WIPO Arbitration and Mediation Center

ADMINISTRATIVE PANEL DECISION

Vente-Privee.com v. 费忠博

Case No. D2021-2540

1. The Parties

Complainant is Vente-Privee.com, France, represented by Cabinet Degret, France.

Respondent is 费忠博 (Fei Zhongbo), China.

2. The Domain Name and Registrar

The disputed domain name <imaveepee.com> is registered with Eranet International Limited (the “Registrar”).

3. Procedural History

The Complaint was filed in English with the WIPO Arbitration and Mediation Center (the “Center”) on August 5, 2021. On August 5, 2021, the Center transmitted by email to the Registrar a request for registrar verification in connection with the disputed domain name. On August 23, 2021, the Registrar transmitted by email to the Center its verification response disclosing registrant and contact information for the disputed domain name which differed from the named Respondent and contact information in the Complaint. The Center sent an email communication to Complainant on August 23, 2021, providing the registrant and contact information disclosed by the Registrar, and inviting Complainant to submit an amendment to the Complaint. Complainant filed an amended Complaint in English on August 26, 2021.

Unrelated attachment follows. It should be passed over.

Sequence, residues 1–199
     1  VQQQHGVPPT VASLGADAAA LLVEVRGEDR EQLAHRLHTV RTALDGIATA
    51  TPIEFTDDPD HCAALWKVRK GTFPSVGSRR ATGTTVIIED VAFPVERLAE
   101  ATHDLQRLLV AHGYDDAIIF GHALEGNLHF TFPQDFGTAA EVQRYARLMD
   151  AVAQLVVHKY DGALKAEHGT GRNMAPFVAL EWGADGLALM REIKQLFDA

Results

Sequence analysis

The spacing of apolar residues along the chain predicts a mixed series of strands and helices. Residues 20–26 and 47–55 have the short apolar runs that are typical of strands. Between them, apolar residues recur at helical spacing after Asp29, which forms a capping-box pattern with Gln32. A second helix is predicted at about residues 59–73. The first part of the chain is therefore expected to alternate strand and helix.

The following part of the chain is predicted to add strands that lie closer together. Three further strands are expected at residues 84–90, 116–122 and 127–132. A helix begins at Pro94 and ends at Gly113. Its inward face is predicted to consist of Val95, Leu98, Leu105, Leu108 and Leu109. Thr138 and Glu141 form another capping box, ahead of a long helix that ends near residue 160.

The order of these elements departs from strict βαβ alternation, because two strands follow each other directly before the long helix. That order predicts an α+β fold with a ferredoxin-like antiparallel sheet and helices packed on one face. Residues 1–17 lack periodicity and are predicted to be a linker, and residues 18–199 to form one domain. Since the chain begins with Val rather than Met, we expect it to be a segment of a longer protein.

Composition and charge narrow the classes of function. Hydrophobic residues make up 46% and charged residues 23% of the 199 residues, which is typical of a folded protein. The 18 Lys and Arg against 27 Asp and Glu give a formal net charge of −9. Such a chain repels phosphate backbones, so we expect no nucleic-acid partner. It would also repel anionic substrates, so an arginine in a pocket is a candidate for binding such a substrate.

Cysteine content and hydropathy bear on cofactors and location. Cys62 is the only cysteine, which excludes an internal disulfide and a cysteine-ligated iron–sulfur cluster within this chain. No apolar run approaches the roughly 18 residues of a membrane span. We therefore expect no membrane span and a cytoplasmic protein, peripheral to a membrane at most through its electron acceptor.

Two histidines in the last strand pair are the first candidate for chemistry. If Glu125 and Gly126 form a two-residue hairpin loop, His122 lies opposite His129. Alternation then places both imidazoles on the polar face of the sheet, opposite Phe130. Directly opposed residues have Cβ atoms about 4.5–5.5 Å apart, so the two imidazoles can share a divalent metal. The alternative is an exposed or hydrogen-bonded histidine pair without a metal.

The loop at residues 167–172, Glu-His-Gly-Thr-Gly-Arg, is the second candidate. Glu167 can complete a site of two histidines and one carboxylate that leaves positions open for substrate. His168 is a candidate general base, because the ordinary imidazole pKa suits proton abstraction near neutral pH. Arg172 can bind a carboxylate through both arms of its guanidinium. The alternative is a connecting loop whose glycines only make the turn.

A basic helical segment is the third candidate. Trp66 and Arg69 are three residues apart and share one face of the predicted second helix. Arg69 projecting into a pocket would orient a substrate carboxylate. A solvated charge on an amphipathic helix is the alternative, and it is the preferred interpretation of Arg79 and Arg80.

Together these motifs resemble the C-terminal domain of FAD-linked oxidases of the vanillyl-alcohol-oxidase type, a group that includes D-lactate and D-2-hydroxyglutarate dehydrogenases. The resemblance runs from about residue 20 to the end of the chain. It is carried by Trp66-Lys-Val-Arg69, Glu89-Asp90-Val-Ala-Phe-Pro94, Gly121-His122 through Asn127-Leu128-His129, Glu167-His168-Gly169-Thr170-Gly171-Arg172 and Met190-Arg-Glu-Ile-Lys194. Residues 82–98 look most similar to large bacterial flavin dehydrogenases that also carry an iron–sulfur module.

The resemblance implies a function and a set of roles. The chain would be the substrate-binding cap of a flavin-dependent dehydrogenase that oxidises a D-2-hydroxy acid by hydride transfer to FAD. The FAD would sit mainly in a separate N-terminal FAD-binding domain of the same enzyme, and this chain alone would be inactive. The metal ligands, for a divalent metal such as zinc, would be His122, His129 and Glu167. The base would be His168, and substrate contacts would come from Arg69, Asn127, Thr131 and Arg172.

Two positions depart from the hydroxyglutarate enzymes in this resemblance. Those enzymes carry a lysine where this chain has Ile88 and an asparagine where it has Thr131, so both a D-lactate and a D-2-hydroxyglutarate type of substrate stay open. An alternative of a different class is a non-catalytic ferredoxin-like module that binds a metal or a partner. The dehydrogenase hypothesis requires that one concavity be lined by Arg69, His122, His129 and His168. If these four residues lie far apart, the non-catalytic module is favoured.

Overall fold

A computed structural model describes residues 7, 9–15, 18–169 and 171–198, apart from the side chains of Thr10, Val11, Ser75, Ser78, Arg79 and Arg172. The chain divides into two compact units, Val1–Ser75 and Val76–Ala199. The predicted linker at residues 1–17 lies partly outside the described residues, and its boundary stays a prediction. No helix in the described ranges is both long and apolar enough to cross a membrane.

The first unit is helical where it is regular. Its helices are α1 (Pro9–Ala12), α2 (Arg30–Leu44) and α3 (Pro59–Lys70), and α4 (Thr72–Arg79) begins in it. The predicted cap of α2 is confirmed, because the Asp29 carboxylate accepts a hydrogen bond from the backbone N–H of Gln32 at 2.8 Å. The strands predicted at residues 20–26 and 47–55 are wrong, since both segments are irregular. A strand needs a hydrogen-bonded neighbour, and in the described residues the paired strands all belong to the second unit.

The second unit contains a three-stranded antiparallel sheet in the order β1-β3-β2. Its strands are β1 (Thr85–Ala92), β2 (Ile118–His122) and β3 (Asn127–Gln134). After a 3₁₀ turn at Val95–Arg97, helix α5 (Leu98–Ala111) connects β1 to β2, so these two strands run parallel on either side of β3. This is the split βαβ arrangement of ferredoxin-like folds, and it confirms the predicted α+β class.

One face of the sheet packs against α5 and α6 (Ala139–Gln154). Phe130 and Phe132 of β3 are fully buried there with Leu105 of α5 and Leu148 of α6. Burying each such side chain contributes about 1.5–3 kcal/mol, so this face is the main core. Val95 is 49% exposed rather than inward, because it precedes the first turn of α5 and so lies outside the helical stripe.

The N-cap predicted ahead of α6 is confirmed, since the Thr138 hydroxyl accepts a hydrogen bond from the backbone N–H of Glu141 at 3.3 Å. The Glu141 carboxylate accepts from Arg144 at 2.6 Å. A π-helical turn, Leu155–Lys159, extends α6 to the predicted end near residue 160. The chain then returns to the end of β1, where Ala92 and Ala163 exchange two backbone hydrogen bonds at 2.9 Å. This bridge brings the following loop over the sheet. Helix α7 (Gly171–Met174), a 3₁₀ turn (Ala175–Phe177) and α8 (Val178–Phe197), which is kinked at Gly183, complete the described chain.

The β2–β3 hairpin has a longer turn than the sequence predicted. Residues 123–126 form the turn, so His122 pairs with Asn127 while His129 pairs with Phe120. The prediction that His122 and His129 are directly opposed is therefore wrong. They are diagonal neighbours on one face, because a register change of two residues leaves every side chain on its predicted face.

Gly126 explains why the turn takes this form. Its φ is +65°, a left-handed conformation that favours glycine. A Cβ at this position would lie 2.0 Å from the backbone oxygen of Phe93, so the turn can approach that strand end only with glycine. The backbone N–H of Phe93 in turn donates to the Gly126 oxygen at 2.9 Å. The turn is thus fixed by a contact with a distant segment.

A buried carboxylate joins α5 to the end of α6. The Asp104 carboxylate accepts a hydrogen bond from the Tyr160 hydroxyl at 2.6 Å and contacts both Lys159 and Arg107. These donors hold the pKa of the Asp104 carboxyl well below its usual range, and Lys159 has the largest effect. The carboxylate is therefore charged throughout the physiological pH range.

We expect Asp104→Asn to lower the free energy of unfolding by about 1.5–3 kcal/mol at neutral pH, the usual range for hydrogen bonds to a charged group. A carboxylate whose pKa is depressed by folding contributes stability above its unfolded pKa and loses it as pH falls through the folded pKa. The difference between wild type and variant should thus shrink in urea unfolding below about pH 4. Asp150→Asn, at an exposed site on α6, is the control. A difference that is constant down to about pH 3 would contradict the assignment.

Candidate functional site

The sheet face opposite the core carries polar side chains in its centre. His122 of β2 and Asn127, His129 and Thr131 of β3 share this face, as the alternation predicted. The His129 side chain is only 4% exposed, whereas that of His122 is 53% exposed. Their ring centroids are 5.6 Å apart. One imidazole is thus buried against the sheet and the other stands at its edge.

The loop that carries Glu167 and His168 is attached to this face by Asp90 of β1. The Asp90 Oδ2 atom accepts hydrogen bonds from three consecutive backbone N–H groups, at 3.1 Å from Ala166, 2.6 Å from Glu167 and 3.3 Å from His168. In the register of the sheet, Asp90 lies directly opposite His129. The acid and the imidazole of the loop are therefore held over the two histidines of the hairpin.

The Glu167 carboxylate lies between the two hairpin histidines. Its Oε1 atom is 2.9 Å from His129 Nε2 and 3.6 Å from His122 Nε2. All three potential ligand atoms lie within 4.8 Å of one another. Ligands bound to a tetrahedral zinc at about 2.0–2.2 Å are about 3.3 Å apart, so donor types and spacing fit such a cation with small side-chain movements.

On August 23, 2021, the Center transmitted an email in English and Chinese to the Parties regarding the language of the proceeding. Complainant confirmed the request that English be the language of the proceeding on August 26, 2021. Respondent did not comment on the language of the proceeding.

The Center verified that the Complaint together with the amended Complaint satisfied the formal requirements of the Uniform Domain Name Dispute Resolution Policy (the “Policy” or “UDRP”), the Rules for Uniform Domain Name Dispute Resolution Policy (the “Rules”), and the WIPO Supplemental Rules for Uniform Domain Name Dispute Resolution Policy (the “Supplemental Rules”).